These Webpages are no longer maintained. We are keeping the pages here to preserve some of the early years of ProjectDragonfly, to honor the students who created the interactives in the early days of the Web, and because many of the activities are fun and people are still using them. For current Project Dragonfly work, go


The ProjectDragonflyteam.

Microscopic Martian Fossils

Gill Bates says, "Although today Mars is a cold, dry place it wasn't always this way. There may well have been living organisms on Mars that are extinct today. According to NASA scientists, thermal spring deposits have been identified as important targets for locating a martian fossil record because such springs might have been oases . Thermal spring waters also can sustain the high rates of mineral precipitation which, on Earth, typically occur in the presence of microbial communities. Volcanic terrains are widespread on Mars, and some include outflow channels of simple morphology that may have formed by springs." Gill says, "if you want to find Martian fossils, let's head for the high volcanic shields, Ascraeus Mons, Pavonis Mons, or Arsia Mons. Or, if you prefer, let's check out the Valles Marineris"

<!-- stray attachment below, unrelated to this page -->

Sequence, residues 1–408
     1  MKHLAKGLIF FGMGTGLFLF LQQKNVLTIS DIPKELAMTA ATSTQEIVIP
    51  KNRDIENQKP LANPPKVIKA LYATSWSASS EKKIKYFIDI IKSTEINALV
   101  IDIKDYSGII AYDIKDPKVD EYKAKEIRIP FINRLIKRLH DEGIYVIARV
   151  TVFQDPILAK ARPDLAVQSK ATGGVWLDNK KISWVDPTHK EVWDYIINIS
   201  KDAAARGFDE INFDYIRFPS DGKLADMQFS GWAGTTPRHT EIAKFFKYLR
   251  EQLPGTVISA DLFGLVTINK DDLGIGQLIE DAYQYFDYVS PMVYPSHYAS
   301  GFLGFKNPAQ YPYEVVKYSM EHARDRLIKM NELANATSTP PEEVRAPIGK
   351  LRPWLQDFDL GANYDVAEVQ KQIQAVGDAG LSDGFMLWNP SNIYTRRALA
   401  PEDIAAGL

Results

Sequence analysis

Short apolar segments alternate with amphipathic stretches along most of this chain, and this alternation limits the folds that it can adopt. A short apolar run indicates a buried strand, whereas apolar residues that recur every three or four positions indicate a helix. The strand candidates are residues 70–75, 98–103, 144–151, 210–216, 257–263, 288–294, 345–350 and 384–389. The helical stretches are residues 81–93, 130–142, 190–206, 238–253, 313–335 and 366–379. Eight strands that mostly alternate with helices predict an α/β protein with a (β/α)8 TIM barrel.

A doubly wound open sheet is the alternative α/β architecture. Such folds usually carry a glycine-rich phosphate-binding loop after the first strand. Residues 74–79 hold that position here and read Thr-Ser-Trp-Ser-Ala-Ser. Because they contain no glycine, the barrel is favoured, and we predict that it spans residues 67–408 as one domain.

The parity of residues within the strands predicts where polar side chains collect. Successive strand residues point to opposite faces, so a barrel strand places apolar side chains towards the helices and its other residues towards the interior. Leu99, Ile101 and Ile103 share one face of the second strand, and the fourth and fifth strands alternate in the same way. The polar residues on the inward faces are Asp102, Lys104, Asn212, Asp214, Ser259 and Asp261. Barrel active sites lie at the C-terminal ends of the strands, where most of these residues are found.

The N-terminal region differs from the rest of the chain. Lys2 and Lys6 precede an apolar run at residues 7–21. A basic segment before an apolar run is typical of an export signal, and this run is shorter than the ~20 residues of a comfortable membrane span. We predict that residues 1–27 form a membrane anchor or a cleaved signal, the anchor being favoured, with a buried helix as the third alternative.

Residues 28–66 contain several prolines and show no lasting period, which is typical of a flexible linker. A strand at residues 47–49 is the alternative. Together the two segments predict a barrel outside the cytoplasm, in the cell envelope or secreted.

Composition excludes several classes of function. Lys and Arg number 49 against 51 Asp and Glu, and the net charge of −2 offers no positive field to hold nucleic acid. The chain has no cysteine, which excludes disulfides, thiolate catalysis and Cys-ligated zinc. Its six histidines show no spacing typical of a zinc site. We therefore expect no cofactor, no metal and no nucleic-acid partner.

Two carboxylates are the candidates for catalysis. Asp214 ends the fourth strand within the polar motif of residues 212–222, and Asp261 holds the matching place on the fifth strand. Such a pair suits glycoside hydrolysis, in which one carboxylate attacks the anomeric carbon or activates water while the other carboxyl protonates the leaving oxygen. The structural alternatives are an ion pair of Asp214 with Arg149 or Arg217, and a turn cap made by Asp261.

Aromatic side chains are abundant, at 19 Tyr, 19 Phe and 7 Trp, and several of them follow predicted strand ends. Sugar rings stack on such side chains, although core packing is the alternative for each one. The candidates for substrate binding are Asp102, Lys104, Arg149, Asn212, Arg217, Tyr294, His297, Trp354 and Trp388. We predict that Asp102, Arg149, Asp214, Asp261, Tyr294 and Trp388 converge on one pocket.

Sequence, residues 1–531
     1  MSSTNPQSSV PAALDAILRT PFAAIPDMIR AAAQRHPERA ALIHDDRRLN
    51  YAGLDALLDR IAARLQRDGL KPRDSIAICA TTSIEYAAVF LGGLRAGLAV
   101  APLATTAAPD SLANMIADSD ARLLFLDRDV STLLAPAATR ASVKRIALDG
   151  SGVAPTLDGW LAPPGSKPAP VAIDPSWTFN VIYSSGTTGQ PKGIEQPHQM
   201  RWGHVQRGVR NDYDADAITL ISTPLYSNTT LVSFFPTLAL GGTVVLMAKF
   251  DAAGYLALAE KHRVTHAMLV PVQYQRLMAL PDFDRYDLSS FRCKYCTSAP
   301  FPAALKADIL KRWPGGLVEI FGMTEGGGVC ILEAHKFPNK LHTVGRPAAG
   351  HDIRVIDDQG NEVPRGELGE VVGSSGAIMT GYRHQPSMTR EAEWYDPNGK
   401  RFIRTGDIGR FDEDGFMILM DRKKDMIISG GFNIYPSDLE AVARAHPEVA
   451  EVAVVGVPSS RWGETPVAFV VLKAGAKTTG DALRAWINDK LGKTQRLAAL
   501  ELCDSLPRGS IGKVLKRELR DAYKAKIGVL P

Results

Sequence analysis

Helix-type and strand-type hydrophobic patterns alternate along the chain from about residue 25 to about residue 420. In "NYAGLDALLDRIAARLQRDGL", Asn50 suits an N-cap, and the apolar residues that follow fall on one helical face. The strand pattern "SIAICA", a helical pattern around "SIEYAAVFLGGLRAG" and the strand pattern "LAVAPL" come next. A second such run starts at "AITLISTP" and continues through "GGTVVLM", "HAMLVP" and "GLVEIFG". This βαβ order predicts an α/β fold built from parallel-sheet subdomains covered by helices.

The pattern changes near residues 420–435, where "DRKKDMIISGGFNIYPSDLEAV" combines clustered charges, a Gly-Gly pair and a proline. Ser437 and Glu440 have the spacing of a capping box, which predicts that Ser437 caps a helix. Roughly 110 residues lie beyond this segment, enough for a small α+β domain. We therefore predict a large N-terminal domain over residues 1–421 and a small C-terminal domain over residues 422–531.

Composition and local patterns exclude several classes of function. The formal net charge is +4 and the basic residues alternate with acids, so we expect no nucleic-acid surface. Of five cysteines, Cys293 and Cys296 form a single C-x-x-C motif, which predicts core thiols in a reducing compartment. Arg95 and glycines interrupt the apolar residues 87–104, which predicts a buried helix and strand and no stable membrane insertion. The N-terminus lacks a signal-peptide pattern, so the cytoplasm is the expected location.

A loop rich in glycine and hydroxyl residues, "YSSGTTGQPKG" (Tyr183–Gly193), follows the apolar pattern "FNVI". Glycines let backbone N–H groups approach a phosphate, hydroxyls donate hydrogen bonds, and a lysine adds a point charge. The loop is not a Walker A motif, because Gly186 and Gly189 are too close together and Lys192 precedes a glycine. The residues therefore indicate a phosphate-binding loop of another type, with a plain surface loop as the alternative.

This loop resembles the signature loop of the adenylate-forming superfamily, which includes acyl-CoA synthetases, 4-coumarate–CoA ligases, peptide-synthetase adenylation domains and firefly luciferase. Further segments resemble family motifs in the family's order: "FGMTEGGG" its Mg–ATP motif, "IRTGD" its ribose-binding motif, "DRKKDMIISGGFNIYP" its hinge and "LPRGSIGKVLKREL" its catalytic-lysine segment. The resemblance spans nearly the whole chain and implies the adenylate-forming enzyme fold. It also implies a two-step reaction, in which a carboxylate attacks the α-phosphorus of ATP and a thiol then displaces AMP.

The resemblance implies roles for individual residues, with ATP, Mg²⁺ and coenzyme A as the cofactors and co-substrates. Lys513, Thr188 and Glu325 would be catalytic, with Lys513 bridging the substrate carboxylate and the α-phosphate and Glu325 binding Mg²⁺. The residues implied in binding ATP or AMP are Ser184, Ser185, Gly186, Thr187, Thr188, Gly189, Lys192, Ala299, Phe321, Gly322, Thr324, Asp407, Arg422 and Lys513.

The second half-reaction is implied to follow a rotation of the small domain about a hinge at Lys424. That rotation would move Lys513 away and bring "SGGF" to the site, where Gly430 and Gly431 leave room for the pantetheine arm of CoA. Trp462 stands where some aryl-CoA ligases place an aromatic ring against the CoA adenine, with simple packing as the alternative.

Now you might think that these are very risky places to land, but remember, there are no people aboard this spacecraft, and Gill Bats says, "Hey, it's my money!"

Now it's time to pick a place to land!

Life on the Edge
Search for Life
Moon Lab
Space Links

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